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Google Uses Faster Storage For High Demand Pages



Google’s Gary Illyes reveals the search index uses a tiered system where the most popular content is indexed on faster, more expensive storage.

This topic is discussed in the latest episode of Google’s Search Off the Record podcast which deals with language complexities in search index selection.

In explaining how Google builds its search index, Illyes says content is indexed on three types of storage:

  • RAM (Random Access Memory): Fastest and most expensive
  • SSD (Solid State Drive): Very fast but cost prohibitive
  • HDD (Hard Disk Drive): Slowest and least costly

Google reserves the fastest storage for documents that are likely to be served in search results on a frequent basis.

Illyes states:

“And then, when we build our index, and we use all those signals that we have. Let’s pick one, say, page rank, then we try to estimate how much we would serve those documents that we indexed.

So will it be like every second? Will we have a query that triggers those docs? Or will it be once a week or will it be once a year?

And based on that, we might use different kinds of storages to build the index.”

Illyes goes on to give examples of what would be stored on RAM, what would be stored on SSDs, and what would be stored on HDDs.

Content that’s accessed every second will end up being stored on RAM or SSDs. This represents a small amount of Google’s entire index.


The bulk of Google’s index is stored on hard drives because, in Illyes’ words, hard drives are cheap, accessible, and easy to replace.

“So for example, for documents that we know that might be surfaced every second, for example, they will end up on something super fast. And the super fast would be the RAM. Like part of our serving index is on RAM.

Then we’ll have another tier, for example, for solid state drives because they are fast and not as expensive as RAM. But still not– the bulk of the index wouldn’t be on that.

The bulk of the index would be on something that’s cheap, accessible, easily replaceable, and doesn’t break the bank. And that would be hard drives or floppy disks.”

Of course Illyes is kidding about floppy disks, that’s the type of dry humor you get from him on the podcast.

To my knowledge this is the first time Google has let the public in on information about its search index storage tiers. It’s interesting to know the most searched-for content is stored on RAM and SSDs.

The cost of storing even a percentage of Google’s index on RAM and SSDs must be exorbitant. Though it’s likely the cost of faster storage is justified by how important the documents inside are to people.

The demand for the content must be so high that Google doesn’t want to risk a delay in getting it out to searchers.

As it relates to SEO there’s no way to optimize for one type of storage over the other. And there’s no way to tell which of the storage tiers your site is indexed on.


My guess is a decidedly small percentage of web pages are indexed on RAM or SSDs. Bringing it back to SEO, this is a  good thing as it means the majority of sites are competing on a level playing field when it comes to index storage speed.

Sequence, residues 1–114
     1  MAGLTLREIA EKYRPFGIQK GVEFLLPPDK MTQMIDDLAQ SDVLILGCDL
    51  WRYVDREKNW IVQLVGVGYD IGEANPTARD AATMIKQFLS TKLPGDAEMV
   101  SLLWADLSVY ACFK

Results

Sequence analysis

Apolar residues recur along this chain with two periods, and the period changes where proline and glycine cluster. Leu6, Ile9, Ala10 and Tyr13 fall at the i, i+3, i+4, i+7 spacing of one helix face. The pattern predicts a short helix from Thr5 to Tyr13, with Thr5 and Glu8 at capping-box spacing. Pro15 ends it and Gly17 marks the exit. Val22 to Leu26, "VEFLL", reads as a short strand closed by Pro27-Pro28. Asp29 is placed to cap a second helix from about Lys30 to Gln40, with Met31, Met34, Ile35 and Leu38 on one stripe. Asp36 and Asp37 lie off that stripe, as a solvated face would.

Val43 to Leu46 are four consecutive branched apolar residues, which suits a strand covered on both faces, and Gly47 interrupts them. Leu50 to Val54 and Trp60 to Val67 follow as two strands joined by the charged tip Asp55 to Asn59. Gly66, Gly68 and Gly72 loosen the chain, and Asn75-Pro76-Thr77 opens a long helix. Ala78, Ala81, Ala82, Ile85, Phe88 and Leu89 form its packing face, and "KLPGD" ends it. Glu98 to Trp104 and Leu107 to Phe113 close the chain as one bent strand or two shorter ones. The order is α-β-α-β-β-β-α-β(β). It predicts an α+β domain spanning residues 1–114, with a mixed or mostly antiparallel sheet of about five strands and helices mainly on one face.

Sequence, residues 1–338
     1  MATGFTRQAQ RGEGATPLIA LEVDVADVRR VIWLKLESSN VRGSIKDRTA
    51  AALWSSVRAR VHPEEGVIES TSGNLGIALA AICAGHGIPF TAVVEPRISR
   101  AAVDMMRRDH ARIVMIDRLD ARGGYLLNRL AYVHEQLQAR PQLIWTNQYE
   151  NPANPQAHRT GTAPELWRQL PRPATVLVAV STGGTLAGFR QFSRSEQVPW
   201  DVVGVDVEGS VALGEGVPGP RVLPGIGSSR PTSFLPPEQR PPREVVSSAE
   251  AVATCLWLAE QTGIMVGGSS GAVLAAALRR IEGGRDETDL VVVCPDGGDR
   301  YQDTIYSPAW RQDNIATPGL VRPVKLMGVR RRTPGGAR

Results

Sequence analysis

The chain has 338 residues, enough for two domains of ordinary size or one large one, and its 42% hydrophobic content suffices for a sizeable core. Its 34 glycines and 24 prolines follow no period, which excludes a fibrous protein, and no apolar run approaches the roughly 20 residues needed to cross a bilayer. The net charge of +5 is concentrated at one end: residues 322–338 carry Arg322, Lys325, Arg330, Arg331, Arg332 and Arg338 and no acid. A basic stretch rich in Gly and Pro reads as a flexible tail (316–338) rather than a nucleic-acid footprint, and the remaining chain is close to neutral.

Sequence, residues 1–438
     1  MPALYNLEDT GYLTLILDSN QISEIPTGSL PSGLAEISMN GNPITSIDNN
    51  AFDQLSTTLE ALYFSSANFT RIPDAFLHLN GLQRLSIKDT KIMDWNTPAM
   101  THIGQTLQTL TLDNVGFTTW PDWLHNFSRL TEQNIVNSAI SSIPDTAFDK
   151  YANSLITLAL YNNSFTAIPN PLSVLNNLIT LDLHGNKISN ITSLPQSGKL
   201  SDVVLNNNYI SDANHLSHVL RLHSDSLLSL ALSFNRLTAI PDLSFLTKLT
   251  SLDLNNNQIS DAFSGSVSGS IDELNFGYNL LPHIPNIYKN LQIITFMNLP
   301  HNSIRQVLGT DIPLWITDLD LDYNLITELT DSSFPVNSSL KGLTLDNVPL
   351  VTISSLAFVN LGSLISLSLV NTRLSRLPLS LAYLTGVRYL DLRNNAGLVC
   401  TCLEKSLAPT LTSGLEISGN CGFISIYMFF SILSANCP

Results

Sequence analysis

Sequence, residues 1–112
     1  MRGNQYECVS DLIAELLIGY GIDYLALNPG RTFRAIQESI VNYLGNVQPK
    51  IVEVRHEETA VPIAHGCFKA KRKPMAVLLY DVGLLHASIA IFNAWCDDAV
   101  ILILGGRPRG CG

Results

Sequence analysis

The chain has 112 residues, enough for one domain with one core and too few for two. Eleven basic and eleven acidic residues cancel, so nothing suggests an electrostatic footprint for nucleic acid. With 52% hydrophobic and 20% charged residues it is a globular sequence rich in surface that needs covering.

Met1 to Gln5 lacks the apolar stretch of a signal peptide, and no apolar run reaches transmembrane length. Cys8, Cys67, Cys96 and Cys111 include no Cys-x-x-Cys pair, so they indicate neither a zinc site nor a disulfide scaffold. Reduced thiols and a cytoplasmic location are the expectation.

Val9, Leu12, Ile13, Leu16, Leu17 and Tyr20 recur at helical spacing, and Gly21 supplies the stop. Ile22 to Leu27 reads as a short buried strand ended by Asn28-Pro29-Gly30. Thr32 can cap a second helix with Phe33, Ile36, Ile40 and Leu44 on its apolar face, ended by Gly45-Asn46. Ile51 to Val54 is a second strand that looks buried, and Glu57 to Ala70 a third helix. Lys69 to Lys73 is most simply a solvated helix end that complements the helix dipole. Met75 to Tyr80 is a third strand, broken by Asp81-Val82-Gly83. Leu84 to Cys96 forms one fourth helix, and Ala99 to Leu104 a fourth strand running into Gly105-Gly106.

Google Home App Gets an Overhaul, Rolling Out Soon



Google Home app

Google refreshes its Home app with a slew of new features after launching a new Nest gear. This makes it faster and easier to pair smart devices with Matter, adds customization and personalization options, an enhanced Nest camera experience, and better intercommunication between devices.

This revamped Home app utilizes Google’s Matter smart home standard – launching later this year – especially the Fast Pair functionality. On an Android phone, it will instantly recognize a Matter device and allow you to easily set it up, bypassing the current procedure that is often slow and difficult. Google is also updating its Nest speakers, displays, and routers – to control Matter devices better.

Google Home App New Features

  • Spaces: This feature allows you to control multiple devices in different rooms. Google has listed a few things by room: kitchen, bedroom, living room, etc., although it’s pretty limited right now. Spaces let you organize devices how you see fit. For instance, you can set up a baby monitor in one room and set a different room’s camera to focus on an area the baby often plays. With Spaces, you can categorize these two devices into one Space category called ‘Baby.’

Google Home app Spaces

  • Favorites: This one is pretty self-explanatory. It allows you to make certain gears as a favorite that you frequently use. Doing so will bring those devices into the limelight within the Google Home app for easier access. 

Google Home app

  • Media: Google adds a new media widget at the bottom of your Home feed. This will automatically determine what media is playing in your home and provide you with the appropriate controls as and when needed. There will be song controls if you listen to music on your speakers. There will be television remote controls if you’re watching TV. 

Google probably won’t roll out this Home app makeover anytime soon. But you can try it for yourself in the coming week by enrolling in the public preview, available in select areas.

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